Opening Day Coronavirus Blues

Finding hope in trying times

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Today is one of those days when I’m a little more bummed out about the disruption the coronavirus has brought to all of our lives than other days.

You see today was supposed to be Reds Opening Day in Cincinnati, Ohio, the birthplace of professional baseball.

For those not from the Queen City, think Mardi Gras in New Orleans, but much more wholesome, or Patriot’s Day in Boston.

If today were the same for me as it has been for the past five years, I would have begun my day around 9 a.m. at WCPO 9 News.

I would have stuffed a backpack with props and mobile cellphone charger before riding my bicycle down Gilbert Avenue to Arnold’s Bar & Grill, the oldest continually operating bar in Cincinnati.

I would have posted social media photos and videos of early revelers pouring out of the bar before making my way to the start of the 101st annual Findlay Market Opening Day Parade.

I then would have spent the rest of the day visiting various places along the 1.5-mile parade route that starts at Findlay Market and ends just a block or two north of Great American Ball Park.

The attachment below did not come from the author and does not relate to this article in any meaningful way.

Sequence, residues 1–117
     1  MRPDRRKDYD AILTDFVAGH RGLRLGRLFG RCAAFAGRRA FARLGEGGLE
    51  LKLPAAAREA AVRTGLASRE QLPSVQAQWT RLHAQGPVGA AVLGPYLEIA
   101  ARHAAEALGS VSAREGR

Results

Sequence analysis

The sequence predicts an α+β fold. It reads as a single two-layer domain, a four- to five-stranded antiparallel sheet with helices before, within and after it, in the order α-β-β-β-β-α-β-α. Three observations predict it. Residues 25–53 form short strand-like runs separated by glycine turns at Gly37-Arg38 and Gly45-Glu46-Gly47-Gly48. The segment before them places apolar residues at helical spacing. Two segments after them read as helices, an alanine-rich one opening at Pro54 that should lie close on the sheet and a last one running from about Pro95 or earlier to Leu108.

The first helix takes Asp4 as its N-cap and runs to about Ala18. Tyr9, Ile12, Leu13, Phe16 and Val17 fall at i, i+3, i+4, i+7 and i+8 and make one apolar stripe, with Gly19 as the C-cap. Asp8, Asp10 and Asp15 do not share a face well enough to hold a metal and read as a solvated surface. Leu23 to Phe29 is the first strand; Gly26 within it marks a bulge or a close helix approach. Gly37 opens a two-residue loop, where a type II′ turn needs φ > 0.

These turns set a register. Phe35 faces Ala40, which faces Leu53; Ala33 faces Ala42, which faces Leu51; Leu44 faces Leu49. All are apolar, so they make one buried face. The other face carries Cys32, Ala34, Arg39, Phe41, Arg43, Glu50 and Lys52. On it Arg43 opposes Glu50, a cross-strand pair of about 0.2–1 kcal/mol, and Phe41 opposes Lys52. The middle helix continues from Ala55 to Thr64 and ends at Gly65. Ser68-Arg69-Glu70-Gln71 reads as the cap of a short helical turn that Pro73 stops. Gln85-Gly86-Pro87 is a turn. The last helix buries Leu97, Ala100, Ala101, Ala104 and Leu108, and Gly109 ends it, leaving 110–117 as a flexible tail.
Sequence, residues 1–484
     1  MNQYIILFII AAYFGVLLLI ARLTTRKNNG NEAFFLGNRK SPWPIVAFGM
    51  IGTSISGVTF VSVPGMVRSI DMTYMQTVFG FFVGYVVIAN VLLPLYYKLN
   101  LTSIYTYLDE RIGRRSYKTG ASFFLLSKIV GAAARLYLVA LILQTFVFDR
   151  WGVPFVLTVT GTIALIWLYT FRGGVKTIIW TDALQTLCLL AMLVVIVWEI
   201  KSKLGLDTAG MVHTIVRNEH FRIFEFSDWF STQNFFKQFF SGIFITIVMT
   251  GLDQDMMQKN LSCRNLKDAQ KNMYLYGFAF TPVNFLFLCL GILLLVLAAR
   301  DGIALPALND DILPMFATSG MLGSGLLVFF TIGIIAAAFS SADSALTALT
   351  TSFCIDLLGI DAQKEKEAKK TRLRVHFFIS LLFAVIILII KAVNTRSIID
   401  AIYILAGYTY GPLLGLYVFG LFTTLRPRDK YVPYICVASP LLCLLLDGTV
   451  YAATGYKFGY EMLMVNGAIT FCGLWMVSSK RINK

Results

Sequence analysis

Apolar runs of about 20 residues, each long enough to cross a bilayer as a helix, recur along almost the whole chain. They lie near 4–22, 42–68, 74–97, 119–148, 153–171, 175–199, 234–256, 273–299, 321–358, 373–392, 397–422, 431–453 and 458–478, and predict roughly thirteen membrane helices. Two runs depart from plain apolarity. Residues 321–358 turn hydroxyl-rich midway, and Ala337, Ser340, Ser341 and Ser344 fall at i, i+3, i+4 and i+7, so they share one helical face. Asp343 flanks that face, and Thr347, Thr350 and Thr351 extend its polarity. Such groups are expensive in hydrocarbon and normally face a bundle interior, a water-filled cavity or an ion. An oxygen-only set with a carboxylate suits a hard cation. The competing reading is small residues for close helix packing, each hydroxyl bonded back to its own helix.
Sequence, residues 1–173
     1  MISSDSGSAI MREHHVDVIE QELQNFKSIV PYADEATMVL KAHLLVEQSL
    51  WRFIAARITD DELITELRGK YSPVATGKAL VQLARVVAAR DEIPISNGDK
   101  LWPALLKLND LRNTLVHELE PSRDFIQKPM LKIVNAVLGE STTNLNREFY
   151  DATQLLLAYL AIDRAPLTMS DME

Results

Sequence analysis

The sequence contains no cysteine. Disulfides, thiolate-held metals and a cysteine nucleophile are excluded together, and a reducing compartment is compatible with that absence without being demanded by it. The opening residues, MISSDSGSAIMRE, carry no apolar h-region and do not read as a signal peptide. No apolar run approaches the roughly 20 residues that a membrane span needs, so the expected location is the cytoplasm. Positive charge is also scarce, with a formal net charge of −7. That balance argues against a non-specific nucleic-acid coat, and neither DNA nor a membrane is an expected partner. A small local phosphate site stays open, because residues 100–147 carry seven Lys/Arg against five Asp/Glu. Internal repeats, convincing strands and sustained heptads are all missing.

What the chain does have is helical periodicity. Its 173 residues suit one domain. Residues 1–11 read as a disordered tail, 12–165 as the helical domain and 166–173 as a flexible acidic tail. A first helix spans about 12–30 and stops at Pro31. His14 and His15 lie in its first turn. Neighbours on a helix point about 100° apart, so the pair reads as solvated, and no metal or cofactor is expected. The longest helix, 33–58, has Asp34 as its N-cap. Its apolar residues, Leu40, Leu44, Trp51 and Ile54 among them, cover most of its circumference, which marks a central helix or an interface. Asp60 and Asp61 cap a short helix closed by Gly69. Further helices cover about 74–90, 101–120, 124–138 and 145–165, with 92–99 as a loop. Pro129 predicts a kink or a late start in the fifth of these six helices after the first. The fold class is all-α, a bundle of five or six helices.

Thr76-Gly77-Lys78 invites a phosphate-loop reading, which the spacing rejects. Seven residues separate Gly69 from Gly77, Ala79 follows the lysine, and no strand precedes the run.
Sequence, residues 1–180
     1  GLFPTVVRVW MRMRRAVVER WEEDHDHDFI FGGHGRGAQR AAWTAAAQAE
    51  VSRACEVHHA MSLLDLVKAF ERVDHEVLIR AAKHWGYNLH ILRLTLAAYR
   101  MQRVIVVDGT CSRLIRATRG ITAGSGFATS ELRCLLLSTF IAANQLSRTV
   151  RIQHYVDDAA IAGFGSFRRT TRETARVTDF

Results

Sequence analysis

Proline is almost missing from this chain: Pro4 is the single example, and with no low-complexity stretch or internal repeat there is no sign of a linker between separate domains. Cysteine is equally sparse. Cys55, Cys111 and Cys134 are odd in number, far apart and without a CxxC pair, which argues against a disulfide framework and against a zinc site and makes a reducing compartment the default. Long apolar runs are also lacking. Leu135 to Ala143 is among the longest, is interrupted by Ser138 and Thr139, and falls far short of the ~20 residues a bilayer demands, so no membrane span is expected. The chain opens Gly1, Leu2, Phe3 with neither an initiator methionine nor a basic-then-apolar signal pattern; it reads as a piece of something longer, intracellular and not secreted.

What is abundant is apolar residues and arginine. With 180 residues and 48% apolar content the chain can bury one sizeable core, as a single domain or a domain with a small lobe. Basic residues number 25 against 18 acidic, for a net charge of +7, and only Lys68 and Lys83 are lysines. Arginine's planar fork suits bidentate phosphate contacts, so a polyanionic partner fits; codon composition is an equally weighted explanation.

I’ would have talked to a few of the thousands of adults and children who line the streets every year. I would have enjoyed watching bands march and people waving from community-sponsored floats.

I might have even interviewed a few United States Olympic medalists, the honored guests of this year’s parade.

But, I’ve done none of that.

Today, I’ve sat at home with the windows open, slightly annoyed by how perfect the weather is for a parade.

For comfort, I’ve rewatched this particular clip from an interview I conducted yesterday with Holy Grail owner Jim Moehring.

Jim’s bar is located just outside Great American Ball Park at The Banks. After the parade, hundreds gather within a one-block area to celebrate. Jim’s bar has had front row seats for the festivities the past nine years.

Not this year.

In the middle of discussing how Jim and other bar owners are surviving during what otherwise would be the busiest day of the year for them, something happened.

Cincinnati Reds COO Phil Castellini slid up on us just out of the camera’s frame as I spoke with Jim and handed Jim the ballcap right off of his head.

What Jim said immediately after and at the end of our interview was fantastic. Take a listen to the clip below. I find comfort in Jim’s words, which is why I’ve decided to share it here with whoever stumbles across it today.

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